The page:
Edited by G. Papantoniou, D. Michaelides and M. Dikomitou-Eliadou,
Hellenistic and Roman Terracottas is a collection of 29 chapters with an introduction presenting diverse and innovative approaches (archaeological, stylistic, iconographic, functional, contextual, digital, and physicochemical) in the study of ancient terracottas across the Mediterranean and the Near East, from the Hellenistic period to Late Antiquity. The 34 authors advocate collectively the significance of a holistic approach to the study of coroplastic art, which considers terracottas not simply as works of art but, most importantly, as integral components of ancient material culture. The volume will prove to be an invaluable companion to all those interested in ancient terracottas and their associated iconography and technology, as well as in ancient artefacts and classical archaeology in general.
Giorgos Papantoniou, Ph.D. (2008), The University of Dublin, Trinity College, is currently a Senior Research Fellow in the Department of History and Archaeology, University of Cyprus. He has published extensively on ancient Cypriot material culture history, landscape archaeology, ritual, cult, and iconography including
Religion and Social Transformations in Cyprus. From the Cypriot Basileis to the Hellenistic Strategos (Brill, 2012). He is the coordinator of the international network ‘Unlocking Sacred Landscapes’ (http://www.ucy.ac.cy/unsala/).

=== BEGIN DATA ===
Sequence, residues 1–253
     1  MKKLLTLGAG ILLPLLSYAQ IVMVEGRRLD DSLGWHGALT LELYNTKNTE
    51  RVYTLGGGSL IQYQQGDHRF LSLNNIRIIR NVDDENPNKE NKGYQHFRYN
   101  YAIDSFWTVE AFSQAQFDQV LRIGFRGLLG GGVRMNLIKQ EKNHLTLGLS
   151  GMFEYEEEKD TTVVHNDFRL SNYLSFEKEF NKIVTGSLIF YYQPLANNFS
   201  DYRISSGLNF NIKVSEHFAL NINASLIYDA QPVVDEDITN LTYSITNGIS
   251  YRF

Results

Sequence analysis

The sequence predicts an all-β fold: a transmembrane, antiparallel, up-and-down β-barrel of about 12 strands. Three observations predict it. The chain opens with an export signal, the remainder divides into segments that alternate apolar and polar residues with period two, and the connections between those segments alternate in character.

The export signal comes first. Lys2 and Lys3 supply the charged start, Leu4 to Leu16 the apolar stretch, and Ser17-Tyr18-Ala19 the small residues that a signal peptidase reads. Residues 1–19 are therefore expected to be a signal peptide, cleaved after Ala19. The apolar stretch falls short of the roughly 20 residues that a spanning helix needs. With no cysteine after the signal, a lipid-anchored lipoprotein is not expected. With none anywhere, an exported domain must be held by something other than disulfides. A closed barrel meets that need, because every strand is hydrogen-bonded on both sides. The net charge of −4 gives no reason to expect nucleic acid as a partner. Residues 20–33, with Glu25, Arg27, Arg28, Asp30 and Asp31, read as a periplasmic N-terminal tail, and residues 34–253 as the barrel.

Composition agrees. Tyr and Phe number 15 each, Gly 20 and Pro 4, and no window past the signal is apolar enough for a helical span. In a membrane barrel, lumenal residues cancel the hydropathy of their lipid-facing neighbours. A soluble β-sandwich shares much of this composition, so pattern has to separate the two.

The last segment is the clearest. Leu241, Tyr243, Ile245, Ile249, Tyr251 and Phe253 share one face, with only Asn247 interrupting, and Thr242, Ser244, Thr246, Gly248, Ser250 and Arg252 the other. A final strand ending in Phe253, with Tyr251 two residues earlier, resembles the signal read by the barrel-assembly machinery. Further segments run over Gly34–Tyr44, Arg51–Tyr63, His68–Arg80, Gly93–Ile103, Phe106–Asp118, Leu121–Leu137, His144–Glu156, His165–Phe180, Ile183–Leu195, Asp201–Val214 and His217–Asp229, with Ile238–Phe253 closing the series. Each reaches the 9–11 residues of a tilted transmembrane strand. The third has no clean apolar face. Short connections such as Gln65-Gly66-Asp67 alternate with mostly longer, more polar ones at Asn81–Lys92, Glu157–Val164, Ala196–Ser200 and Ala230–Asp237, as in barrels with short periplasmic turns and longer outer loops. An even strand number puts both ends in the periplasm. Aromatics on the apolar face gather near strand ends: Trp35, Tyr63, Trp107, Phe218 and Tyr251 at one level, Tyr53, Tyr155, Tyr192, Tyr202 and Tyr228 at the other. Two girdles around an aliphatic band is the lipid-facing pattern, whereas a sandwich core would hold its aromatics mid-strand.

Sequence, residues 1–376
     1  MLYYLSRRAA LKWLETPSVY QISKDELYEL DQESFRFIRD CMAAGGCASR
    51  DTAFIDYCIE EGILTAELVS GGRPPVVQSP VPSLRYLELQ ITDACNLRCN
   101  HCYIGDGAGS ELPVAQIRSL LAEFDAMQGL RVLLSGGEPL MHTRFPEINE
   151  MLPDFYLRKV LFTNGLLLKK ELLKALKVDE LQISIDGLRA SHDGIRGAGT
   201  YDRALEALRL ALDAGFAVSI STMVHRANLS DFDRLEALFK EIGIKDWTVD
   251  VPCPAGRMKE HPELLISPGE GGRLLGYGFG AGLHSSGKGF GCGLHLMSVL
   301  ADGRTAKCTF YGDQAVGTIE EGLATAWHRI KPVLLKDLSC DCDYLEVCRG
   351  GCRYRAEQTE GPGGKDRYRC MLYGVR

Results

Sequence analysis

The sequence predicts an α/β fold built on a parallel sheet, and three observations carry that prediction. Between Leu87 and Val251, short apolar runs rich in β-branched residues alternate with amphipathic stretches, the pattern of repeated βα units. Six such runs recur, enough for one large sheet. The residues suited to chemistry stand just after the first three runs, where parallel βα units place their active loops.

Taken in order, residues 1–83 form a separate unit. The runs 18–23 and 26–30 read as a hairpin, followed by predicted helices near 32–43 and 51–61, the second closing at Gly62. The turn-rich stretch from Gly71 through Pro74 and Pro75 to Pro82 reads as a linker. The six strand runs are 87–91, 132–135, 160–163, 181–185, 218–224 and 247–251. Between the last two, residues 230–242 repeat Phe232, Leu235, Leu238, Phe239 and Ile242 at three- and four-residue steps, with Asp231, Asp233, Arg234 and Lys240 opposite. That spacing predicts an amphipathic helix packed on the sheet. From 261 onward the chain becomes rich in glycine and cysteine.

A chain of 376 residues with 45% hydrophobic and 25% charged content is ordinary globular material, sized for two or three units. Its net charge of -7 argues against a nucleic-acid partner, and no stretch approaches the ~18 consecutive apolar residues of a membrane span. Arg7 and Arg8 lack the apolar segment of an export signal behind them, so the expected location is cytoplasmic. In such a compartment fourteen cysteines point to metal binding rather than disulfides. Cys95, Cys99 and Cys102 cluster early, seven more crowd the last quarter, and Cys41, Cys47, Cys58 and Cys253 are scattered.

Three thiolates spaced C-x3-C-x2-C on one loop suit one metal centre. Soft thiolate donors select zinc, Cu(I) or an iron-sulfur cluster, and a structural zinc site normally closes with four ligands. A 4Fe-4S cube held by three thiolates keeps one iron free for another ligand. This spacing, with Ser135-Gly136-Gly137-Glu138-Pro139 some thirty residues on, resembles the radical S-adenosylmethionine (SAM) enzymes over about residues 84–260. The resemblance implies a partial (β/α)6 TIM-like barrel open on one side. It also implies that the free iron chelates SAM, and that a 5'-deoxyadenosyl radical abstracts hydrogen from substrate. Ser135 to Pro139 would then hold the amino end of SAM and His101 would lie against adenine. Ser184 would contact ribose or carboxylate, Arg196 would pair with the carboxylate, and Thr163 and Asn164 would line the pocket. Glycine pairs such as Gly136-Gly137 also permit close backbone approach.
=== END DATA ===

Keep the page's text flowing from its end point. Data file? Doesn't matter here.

Demetrios Michaelides, Ph.D. (1981), University of London, is currently Emeritus Professor in the Department of History and Archaeology, University of Cyprus. He has published widely on Hellenistic and Roman Cyprus, as well as on Mediterranean mosaics, their iconography and technique. He is Vice President of the Association Internationale pour l’Étude de la Mosaïque Αntique (AIEMA) and President Emeritus of the International Committee for the Conservation of Mosaics (ICCM).
Maria Dikomitou-Eliadou, Ph.D. (2012), University College London, is currently a Marie Skłodowska-Curie Postdoctoral Researcher at the Institute of Archaeology, University College London. Her research, interdisciplinary in nature, focuses on ceramic technology and production, its differing modes of organisation, ceramic distribution, as well as technological and cultural change, and how these can be identified, recorded and explained by modern archaeology.
All interested in coroplastic iconography and technology of the Hellenistic and Roman periods, especially in relation to Cyprus, Greece, Asia Minor, North Africa, Levant, Mesopotamia, and Italy.